5. >If I were in your shoes (no pun intended), I would get the orthotics first to correct your stride and then go from there. Overpronation is a very common and fundamental problem that will probably negate any good that would come of strengthening glutes, adductors, etc. I’m actually surprised someone didn’t notice you might need them before …Great to hear your swimming has improved!!

  6. >One of the best pieces of advice I ever got was from a sports orthopedics specialist who,after watching me run on a treadmill for just a few minutes, told me to go buy a pair of running shoes designed specifically for persons who over-pronate. I took his advice and never looked back. He also also helped me through a severe bout of bursitis in my hip that made it nearly impossible for me to even walk. Hang in there!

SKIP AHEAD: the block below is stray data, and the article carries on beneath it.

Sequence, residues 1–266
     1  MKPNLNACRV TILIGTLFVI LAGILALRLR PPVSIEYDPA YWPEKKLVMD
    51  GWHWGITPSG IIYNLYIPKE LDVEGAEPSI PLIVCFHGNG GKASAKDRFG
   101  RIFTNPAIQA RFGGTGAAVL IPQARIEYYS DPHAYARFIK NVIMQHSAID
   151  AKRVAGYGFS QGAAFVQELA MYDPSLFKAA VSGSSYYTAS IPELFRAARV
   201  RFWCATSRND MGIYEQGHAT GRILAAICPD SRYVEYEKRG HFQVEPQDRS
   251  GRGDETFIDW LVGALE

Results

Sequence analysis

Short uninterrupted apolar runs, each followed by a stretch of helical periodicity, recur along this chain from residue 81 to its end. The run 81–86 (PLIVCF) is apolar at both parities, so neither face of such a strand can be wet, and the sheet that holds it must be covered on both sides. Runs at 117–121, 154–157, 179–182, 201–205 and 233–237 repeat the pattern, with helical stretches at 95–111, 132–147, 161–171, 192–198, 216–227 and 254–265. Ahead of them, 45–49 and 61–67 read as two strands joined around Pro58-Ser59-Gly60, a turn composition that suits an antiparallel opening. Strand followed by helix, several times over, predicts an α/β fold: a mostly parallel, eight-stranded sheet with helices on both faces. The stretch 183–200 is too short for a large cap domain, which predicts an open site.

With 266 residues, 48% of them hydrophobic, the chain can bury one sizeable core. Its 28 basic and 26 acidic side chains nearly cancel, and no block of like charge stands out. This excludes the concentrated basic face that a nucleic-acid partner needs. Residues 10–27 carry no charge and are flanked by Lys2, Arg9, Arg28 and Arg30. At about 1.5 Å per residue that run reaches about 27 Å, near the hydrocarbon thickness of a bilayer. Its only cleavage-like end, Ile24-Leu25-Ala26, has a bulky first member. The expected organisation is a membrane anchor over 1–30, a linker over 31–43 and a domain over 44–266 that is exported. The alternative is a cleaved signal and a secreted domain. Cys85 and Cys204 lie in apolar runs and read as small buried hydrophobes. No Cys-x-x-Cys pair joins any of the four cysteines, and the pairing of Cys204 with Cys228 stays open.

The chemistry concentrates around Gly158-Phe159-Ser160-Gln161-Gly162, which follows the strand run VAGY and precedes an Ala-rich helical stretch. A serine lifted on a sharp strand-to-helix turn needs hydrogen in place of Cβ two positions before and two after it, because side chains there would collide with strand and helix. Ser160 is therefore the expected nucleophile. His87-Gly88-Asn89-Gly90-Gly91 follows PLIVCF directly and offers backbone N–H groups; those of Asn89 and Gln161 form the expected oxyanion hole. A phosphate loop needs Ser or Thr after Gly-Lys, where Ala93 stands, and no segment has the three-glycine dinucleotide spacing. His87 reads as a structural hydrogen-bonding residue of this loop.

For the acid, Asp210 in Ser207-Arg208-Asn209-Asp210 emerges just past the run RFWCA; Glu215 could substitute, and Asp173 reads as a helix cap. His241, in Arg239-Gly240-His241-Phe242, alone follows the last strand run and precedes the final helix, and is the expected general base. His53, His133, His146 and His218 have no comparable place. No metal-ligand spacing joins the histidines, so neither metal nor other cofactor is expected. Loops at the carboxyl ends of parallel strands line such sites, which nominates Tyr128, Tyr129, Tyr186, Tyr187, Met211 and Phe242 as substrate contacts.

7. >First of all, what a hill that is!Second, Good luck with your podiatrist. I myself prefer to go under the knife only after I’ve exhausted all other options. But, I agree that sometimes the process can be time-consuming.